Can you think of another multi-hyphenate starlet with a Golden Globe, two Grammys, and an Oscar who had a similar trajectory? That isn't to suggest that her music career might have run its course, because the follow up to What a Feeling was Hold onto the Dream, a minor hit attached to another terrible 80s movie, DC Cab (1983). A few years later when Janet Jackson was taking Control and transforming the pop music landscape for female artists, Cara released this campy song Girlfriends, from an album that was produced by George Duke and a who's who of legendary hitmaking contributors, but it didn't chart. As for her acting career, she did find work...just not the kind of stuff that was any good like Certain Fury (1985) and Caged in Paradiso (1990). Yeah, I don't know what to make of either of those projects except to shake my head again.Mariah Carey. That instead of regarding the remakes of her iconic work in Fame (2009) and Sparkle (2012) as attempts to erase her legacy, she embraced them as tributes. Movies and record sales can't make someone who was born to shine into a star.
Last year when I was compiling the playlist for The Electric Company's 50th Anniversary, I totally forgot about Hard, Hard, Hard, one of the Short Circus numbers on which Cara sang the lead. I still recall a few of the lyrics that in hindsight were way too mature to be sung on a children's show. I mean, how were elementary age kids supposed to comprehend:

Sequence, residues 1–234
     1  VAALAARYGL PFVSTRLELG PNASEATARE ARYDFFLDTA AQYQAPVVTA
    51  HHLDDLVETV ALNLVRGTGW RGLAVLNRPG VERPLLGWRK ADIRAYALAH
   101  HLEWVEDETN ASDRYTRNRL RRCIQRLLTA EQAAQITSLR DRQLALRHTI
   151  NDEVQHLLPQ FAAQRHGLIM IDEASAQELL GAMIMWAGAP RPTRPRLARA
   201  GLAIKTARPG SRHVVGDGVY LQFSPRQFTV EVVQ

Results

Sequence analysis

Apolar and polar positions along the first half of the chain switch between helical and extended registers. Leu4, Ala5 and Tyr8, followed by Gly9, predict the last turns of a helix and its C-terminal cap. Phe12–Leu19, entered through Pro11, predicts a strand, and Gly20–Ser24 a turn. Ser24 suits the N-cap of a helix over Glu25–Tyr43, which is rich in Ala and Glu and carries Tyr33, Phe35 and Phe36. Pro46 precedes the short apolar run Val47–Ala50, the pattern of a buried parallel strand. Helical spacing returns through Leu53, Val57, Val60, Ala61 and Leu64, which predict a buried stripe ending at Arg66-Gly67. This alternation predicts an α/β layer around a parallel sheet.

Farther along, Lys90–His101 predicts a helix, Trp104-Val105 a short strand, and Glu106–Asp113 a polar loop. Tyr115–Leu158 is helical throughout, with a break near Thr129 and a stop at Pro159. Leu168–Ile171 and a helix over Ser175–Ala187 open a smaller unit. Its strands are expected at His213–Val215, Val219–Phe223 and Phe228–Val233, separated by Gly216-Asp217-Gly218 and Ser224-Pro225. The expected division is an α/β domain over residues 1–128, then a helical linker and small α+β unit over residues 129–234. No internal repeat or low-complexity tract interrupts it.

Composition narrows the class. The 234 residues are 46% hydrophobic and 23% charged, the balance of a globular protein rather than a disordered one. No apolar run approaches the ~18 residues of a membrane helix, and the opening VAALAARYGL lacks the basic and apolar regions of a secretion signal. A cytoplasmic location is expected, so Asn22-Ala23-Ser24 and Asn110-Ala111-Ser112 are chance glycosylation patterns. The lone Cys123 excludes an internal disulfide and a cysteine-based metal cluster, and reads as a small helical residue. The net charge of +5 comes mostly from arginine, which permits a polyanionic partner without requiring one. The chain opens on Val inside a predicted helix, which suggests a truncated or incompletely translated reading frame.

Ain't it the truth, but DAMN! And damn, Irene Cara belted that song out full throttle with no idea just how prophetic these lyrics would be. I wonder if she reflected on these words because nothing's easy in this life you see...Sometimes I sit and wonder all about lifeI know that every day will bring sorrow and strifeEven when you're up and feel you're going to winThe bottom drops right out and then the roof falls in
The secret, my friend is to give it your allSometimes you win and then life is a ball!
Rest well. We will remember your name.
Post a Comment